Chapter 1: The Relationship Between a CTBT and Proliferation


Chapter 1 Footnotes

1. See "Trinity - a reminiscence" by George B. Kistiakowsky, Bulletin of Atomic Scientists, June 1980.
2. One kiloton was originally defined as the explosive equivalent of 1000 tons of TNT. This definition was found to be imprecise and so the term was redefined to be the release of 1012 calories of explosive energy. The largest weapon ever tested was a 50 megaton (Mt) (1 megaton = 1000 kilotons) weapon that the Soviets exploded 3.5 kilometers above Novaya Zemlya on October 30, 1961. For comparison, the total tonnage of bombs dropped during World War II was approximately two Mt, and during the Vietnam War it was approximately 6.3 Mt. (principally due to the large B-52 bomber).
3. Letter from J. Robert Oppenheimer to General Groves referenced in "Reactor-Grade Plutonium's Explosive Properties", by J. Carson Mark, Nuclear Control Institute Report, August 1990, p.4.
4. From The Making of the Atomic Bomb, by Richard Rhodes (New York: Simon and Shuster).
5. The height of detonation determines the size of the intersection between the blast sphere and the ground, and therefore is determined from the expected yield. The Target Committee minutes state that for the Nagasaki Implosion device "With the present information the fuse would be set at 2,000 tons equivalent but fusing for other values should be available at the time of final delivery...Trinity data will be used for this gadget." See Rhodes, p.631.
6. Estimating that the yield of Trinity would be about one kiloton, Kistiakowsky chose to watch the explosion from what he determined to be the safe distance of five miles, only to be knocked over by the 20 kiloton explosion.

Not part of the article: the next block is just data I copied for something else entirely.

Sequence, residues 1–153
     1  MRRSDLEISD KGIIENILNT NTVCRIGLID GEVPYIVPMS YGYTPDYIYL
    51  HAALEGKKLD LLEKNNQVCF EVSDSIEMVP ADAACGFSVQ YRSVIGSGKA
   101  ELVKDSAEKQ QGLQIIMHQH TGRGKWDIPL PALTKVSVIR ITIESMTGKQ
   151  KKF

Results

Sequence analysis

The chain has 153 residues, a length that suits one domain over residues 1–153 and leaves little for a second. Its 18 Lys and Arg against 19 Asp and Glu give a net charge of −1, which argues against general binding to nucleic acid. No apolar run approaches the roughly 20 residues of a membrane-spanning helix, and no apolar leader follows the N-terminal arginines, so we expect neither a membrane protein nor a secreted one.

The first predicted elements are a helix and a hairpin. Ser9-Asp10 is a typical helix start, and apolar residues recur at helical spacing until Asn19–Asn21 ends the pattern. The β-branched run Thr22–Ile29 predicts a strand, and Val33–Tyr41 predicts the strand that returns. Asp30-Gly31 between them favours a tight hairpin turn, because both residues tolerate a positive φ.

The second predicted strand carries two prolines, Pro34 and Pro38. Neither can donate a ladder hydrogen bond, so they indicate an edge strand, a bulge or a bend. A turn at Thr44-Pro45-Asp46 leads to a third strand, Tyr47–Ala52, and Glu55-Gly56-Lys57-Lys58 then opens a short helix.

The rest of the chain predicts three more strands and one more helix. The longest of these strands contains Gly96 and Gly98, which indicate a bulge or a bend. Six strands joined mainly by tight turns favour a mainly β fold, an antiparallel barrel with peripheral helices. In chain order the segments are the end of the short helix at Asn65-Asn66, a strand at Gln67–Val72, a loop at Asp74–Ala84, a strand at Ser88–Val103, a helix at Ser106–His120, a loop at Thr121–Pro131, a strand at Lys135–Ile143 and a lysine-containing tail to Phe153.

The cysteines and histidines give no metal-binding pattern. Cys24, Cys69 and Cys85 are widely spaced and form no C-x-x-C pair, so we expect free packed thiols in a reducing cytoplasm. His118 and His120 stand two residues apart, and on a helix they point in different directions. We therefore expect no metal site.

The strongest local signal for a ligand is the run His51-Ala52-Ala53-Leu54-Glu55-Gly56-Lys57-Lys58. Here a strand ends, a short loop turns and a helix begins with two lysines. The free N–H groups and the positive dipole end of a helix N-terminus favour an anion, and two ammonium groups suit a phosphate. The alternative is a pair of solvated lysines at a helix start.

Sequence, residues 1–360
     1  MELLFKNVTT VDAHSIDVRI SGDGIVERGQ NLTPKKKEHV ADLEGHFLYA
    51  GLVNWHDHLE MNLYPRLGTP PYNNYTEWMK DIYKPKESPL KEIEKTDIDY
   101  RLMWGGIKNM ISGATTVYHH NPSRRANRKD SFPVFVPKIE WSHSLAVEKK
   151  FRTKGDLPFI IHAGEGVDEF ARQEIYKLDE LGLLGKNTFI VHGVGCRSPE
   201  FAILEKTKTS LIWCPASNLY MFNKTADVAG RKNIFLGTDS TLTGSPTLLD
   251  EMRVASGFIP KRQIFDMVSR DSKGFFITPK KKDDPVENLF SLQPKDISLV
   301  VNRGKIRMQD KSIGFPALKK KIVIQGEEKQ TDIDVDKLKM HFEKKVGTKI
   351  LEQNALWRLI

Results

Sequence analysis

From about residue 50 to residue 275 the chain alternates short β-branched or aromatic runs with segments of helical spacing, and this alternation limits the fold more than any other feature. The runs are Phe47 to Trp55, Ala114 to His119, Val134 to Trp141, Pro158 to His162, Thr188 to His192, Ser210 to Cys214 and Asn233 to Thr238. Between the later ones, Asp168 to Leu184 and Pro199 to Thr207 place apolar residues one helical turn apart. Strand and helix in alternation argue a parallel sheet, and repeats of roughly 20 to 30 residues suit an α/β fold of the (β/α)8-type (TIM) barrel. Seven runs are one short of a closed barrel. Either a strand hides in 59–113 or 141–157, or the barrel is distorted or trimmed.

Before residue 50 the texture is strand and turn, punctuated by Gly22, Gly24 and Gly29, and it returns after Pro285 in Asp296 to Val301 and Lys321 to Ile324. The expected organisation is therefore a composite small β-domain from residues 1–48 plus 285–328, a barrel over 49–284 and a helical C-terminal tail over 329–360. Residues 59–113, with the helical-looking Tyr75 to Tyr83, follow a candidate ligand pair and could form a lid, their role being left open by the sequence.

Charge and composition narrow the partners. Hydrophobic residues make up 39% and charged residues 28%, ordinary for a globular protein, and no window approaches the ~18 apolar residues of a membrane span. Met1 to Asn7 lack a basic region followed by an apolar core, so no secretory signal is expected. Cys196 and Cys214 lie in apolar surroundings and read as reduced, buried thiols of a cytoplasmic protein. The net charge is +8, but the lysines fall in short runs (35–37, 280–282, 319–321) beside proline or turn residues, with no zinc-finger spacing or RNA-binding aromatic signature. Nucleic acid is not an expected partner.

7. See for example, Truman, by David McCullough, (New York; Simon & Schuster, 1992).
8. After J. Carson Mark; Ray Kidder at "The Proliferation of Nuclear Weapons and the Role of Underground Testing" sponsored by the IRIS Consortium, Princeton, NJ, Nov.11-13, 1992; The Los Alamos Primer, The First Lectures on How to Build an Atomic Bomb, annotated by Robert Serber, University of California Press, 1992; and Announced United States Nuclear Tests, U.S. Department of Energy, DOE/NV-209 (Rev.12), May 1992, UC-700.
9. "Russian/Soviet Weapons Secrets Revealed", by Robert S. Norris and William M. Arkin, The Bulletin of the Atomic Scientists, vol.49, no.3, April 1993, p.48.
10. "End Testing, Stem the Bomb's Spread", by Gerard Smith, Arms Control Today, vol.20, no.9, p.9-11. Nov. 1990.
11. Through much of the 1980's Deng Xiaoping kept defense fourth among his four modernizations, after agriculture, industry, and science. Since 1990, defense spending has doubled. See "Asia Unleashed", The Economist, April 3, 1993.
12. See for example "U.S. Said to Drop Plan for 9 Tests of Nuclear Arms" by Douglas Jehl, The New York Times, June 30, 1993, p. A1.
13. In addition, the negotiating record of the NPT indicates an even stronger expectation on the part of the non-nuclear states that the nuclear powers will conclude a CTBT.
14. On August 5, 1988, the 25th anniversary of the Limited Test Ban Treaty (LTBT), Indonesia, Sri Lanka, Peru, Yugoslavia, Mexico, and Venezuela called for a United Nations Conference to consider an amendment converting the LTBT into a comprehensive test ban treaty. By August 1989, 41 nations, more than the required one-third of the treaty parties, had joined the request. Although the conference was overshadowed by developments in Iran's war with Iraq, participants voted 74 to 2 (with 19 abstentions) to mandate the President of the Conference to make progress and reconvene at an appropriate time.
15. See for example "The New Nuclear Threat" by John M. Deutch, Foreign Affairs, Fall 1992, p.120-134.


Nuclear Testing and Nonproliferation

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